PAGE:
Custom Class: header-cta-wrapper

Custom Class: header-sticky-wrapper

Custom Class: page-label

Welcome to BIS

Renowned child Psychologist Dr. Michael Thompson visits BIS

Dr. Michael Thompson workshops on "The Pressured Child" and "Best Friends/Worst Enemies: Understanding the Social Lives of Children"
Dr. Thompson, author of nine books related to raising children, has been a personal friend of Dr Chrissie Sorenson for the past 17 years and we were very excited she was able to secure his visit to BIS on 13th, 14th, and 15th March 2019 at both BIS campuses. We had multiple sessions within the school for teachers, students and parents.
Dr. Thompson had a full schedule, meeting our BIS counsellors, pastoral leaders and teachers, talking to Grade 9 and 10 students about pressure and stress management and giving Grade 4 through Grade 8 students an insight into the understanding of social lives at their age. He ran two workshops for parents: "The Pressured Child", held on 13th May 2019 at Haimhausen Campus, and "Best Friends/Worst Enemies: Understanding the Social Lives of Children", held on 14th May 2019 at both City and Haimhausen Campusses.
Breaking the ice by saying “You have to interact with this American psychologist”, parents were encouraged to asked questions. The audience was delighted to listen to the charming and knowledgeable school psychologist, who took as much time as possible to answer individual questions, in a patient, friendly and often humorous way.
“The Pressured Child”
Parents often consider their children's childhood as a career or career development, which poses a problem. In his workshop, Dr Thompson makes a clear call for a more relaxed approach - letting go and letting the children develop themselves. He argues that the school should not be a competition. Up until Grade 4, students going to school in the morning seek not only to spend time with good friends, but also seek the proximity of good teachers. Students do not always see the school as a "preparation for life", but live day by day in the present and that should be so, according to Thompson. Parents, on the other hand, often plan "Harvard, Harvard, Harvard". Good news for Europeans: by comparison, such parental pressure is much higher in the US than in Europe.
"Best Friends/Worst Enemies: Understanding the Social Lives of Children"
Every parent will come to the point where they realize, their child’s friends have more impact on them than they do. Which is, according to Dr Thompson, totally normal. For kids to stick out is very rare, usually they run with the pack. The origin of this pack mentality is the natural desire to be accepted, which continues into adulthood, i.e. by following a dress code for an event. Children teach each other to express themselves, they teach each other how to modulate aggressions to an acceptable level. Peers also have a profound influence on moral beliefs/values. Children teach each other self-worth, better than a parent ever could.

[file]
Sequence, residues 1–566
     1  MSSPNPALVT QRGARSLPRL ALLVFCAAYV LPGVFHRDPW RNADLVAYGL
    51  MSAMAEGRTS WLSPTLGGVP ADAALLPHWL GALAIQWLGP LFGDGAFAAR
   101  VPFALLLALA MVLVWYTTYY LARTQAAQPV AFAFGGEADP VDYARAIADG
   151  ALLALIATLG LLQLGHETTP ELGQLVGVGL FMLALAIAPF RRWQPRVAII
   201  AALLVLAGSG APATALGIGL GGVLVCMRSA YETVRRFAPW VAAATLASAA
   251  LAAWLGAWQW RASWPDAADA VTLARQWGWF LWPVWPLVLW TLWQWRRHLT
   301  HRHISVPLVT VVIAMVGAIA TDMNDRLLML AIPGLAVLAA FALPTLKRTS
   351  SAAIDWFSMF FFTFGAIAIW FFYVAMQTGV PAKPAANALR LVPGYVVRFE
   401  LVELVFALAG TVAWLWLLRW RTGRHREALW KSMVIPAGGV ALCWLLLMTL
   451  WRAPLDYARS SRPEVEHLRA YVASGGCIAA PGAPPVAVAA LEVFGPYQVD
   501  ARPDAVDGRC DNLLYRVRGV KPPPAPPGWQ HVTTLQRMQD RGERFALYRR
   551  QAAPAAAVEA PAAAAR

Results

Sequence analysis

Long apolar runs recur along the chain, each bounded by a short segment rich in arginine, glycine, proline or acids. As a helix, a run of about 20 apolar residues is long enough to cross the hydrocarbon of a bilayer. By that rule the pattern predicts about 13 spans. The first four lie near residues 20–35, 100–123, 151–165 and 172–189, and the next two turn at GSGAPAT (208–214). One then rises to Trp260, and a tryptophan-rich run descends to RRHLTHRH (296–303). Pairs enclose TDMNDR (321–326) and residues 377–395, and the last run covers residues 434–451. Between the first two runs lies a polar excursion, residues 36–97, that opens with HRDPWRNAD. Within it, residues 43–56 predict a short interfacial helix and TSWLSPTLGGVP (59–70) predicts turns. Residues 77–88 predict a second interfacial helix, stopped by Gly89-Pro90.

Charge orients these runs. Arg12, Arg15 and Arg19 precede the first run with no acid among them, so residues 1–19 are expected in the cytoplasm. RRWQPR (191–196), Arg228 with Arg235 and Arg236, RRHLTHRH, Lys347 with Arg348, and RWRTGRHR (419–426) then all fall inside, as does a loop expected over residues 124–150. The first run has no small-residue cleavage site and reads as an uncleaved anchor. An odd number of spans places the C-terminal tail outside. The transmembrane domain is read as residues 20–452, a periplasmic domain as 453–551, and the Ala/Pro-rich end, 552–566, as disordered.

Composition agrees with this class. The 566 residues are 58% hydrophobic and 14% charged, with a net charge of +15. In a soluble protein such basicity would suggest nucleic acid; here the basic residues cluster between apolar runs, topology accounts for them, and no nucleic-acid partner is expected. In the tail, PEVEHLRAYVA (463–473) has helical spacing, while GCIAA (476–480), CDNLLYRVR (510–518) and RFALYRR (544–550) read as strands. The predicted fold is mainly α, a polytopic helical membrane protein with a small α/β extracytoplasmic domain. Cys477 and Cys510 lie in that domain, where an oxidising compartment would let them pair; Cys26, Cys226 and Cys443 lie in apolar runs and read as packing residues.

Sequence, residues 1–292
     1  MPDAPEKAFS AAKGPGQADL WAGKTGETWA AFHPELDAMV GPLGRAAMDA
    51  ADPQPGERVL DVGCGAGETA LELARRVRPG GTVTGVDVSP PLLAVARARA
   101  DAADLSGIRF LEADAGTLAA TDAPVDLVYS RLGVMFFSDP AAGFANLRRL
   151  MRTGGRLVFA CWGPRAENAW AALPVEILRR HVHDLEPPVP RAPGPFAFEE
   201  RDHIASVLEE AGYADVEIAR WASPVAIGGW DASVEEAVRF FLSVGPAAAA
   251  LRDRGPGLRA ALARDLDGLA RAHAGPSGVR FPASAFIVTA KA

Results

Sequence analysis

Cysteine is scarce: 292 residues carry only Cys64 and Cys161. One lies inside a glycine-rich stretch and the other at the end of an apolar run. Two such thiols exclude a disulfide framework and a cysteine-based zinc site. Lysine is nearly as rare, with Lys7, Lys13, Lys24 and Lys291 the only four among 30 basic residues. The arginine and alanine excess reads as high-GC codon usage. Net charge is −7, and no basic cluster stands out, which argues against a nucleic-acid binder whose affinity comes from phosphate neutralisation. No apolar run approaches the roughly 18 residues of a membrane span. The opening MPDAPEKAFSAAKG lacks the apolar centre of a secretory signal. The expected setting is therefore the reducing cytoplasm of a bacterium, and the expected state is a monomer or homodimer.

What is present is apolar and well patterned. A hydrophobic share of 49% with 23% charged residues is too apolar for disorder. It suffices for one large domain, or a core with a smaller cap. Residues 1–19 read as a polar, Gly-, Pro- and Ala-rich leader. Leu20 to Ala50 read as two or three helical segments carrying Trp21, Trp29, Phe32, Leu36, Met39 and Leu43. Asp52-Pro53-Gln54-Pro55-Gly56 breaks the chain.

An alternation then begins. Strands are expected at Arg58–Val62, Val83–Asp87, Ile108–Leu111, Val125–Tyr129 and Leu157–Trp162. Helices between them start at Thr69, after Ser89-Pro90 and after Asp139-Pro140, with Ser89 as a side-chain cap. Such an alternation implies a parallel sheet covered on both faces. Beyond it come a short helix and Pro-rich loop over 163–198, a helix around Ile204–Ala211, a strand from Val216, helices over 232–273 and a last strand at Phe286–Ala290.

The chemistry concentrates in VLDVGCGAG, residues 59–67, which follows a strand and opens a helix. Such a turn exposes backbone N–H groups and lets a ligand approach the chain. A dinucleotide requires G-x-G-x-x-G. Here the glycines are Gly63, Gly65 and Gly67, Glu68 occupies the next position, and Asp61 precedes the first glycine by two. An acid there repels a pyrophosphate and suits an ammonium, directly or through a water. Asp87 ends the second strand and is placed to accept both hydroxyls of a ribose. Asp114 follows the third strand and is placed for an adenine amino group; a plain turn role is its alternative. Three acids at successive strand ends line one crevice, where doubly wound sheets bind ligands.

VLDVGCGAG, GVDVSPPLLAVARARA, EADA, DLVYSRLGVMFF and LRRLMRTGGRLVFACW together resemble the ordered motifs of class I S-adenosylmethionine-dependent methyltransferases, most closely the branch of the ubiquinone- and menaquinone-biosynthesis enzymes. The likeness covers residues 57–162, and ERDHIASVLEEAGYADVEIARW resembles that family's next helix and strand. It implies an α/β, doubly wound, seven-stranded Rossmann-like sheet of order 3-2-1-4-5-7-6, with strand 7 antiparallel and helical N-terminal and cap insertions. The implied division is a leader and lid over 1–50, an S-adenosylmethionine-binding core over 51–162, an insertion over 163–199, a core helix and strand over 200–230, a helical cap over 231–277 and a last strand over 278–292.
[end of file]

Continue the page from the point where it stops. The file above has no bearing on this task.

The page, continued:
Dr. Michael Thompson
Parenting is a challenge, however trying to be a parent and friend to your child is impossible. Parents need to be prepared to make their children angry or frustrated by saying ‘no’ to something. This doesn’t mean that parents can’t have a good time with their children. The most important thing to do for parents is to keep the communication channel open – even if the child closes it down for a while. Most children don’t want their parents to be problems-solvers, and are not always looking for advice. They just want their parents to listen, let them have their own experiences and get appreciation for what they have done well.
“I have met the most socially capable students at International Schools,” Dr. Thompson stated, talking about third culture kids and what a high amount of work and dedication it takes to keep friendships alive after moving and being hundreds of miles apart.
Michael has worked as a clinical psychologist, school consultant and international speaker on the subjects of children, schools and parenting for the past 35 years. He has authored nine books focusing on the emotional lives of boys, friendships and social cruelty in childhood, the impact of summer camp experiences on child development, the tensions that arise in the parent-teacher relationships, and psychological aspects of school leadership. His work with independent schools and public-school districts throughout the United States, and with international schools in Europe, Asia and South America has taken him to about fifty schools a year to lead workshops for teachers, administrators, parents and students.
More information to Dr Michael Thompson here: